I found this one quite attractive with its multi coloured patches.
I had a lovely day, wandering up side roads when the mood took me and
taking a long way home around the southern side of the mountain, a happy accident as I thought it was going to be a shorter route.
As a tribute to Margaret at looking for identity, who is the new hostess for Good Fences, I've found a few photos of European fences.
At a railway station somewhere between Inverness in Scotland and Bath, in England.
No fence could contain the glory of the beaches in the Outer Hebrides in Scotland
I'm afraid fences were the last thing on my mind when in mainland Europe, my head was turned by so many wondrous sights. The fences here near Hagia Sophia or the Blue Mosque, as it is popularly known, were purely accidental.
I've just returned from 10 days in Taranaki. My daughter took me to an old barn, just off the main road, very close to the small town of Inglewood. Don't know how I've not noticed it before as it's on a road I've travelled often to visit her friend, Donna and the magical Stanleigh Garden.
The first photo I took with my phone but I returned a few days later with the camera. Not that it made much difference.
No matter what angle I tried I couldn't capture it satisfactorily.
So I resorted to trying on the little old barn over the road.
And the couple in the paddock up the road. The spot in the sky above the right hand barn is a duck. If you look closely you will see a few more in the paddock with the cows.
I thought I could see pens inside this old shed and that makes me think this was once a shearing shed. I can't imagine that there was a natural "flow" for the sheep to enter the shed, unless there is a nice upward natural stock flow on the far side.
Todays fences were all found at the Bell Block Children's Bike Park. It is built on either side of the entrance way to the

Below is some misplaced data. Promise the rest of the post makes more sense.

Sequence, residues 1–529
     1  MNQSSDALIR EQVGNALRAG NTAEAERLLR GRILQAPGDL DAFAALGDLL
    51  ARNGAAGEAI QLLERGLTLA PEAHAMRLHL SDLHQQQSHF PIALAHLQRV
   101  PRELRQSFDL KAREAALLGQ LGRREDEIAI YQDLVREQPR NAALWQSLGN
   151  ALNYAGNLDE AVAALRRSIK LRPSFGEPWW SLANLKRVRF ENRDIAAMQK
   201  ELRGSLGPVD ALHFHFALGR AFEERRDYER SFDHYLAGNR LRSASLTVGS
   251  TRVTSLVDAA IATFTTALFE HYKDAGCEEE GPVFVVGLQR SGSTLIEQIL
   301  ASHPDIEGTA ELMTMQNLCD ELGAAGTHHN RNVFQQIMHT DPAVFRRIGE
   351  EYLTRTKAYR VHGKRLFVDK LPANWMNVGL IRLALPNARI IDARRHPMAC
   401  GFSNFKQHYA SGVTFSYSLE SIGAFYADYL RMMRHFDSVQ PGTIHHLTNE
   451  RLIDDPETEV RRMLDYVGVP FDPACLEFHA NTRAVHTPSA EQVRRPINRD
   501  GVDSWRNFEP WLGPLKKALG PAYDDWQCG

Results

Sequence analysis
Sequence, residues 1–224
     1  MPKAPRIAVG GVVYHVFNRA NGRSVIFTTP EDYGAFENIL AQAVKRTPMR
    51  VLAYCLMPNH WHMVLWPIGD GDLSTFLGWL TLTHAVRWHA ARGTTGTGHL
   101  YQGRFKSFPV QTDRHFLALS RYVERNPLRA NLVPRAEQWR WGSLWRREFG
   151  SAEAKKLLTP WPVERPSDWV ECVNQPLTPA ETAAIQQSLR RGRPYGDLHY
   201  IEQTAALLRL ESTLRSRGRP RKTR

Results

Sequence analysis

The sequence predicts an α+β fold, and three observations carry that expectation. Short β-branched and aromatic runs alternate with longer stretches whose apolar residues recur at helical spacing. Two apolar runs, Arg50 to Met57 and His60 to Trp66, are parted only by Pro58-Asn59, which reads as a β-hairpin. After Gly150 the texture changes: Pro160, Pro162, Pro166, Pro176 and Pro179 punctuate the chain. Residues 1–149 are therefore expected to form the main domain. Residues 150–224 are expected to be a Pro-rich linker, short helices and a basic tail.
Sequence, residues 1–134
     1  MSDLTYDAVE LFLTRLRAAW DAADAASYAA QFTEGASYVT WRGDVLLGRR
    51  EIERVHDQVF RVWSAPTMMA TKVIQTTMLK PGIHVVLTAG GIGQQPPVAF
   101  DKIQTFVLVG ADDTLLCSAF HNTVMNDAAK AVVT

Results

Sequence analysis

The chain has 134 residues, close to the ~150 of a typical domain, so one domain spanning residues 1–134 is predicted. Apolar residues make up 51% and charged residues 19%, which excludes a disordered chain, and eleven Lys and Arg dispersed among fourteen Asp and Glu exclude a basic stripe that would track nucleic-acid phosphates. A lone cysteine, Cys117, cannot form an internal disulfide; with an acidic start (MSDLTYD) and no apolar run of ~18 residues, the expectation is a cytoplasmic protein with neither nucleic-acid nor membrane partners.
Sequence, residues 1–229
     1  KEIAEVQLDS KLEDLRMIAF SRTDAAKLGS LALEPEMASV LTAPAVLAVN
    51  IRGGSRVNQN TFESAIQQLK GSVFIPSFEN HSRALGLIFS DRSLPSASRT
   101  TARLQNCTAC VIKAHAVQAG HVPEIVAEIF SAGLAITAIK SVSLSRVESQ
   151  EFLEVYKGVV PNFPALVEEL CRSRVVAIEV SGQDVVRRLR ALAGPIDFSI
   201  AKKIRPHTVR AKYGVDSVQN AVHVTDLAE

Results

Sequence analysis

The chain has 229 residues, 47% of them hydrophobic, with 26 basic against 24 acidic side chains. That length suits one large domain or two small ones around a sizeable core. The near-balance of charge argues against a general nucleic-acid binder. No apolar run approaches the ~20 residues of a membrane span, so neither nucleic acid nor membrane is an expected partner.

cycle park, with a replica of a town on the right and a learning pad,
obstacle course and pump track on the left.
The town includes almost everything you would expect to find while
riding the streets, including traffic lights, a roundabout, railway
crossing, disabled car parks, pedestrian crossing and speed bumps, all
scaled down to 60 per cent of the original size.
Stopped at the lights
The learning pad
And, of course, when the little people decide they have mastered all the necessary skills they are keen to put them to the test on the big people's track.
With our stock grazing outdoors all year round, we don't have any call for large stock or grain barns. I think this photo tells the story of why so many barns have fallen into disrepair. The large plastic wrapped bales of hay don't require the same weather protection that the old fashioned much smaller bales did.
Other than the old and
falling down sheds I see, the majority of the barns around here are half
round barns. I don't think I'd ever seen one until I came to NZ years
ago but they are a common sight around New Zealand’s rural landscape.
The half round barns are commonly used for implement and hay storage but
are now often being utilised for calf rearing. They are made from
welded mild steel frames with treated timber purlins.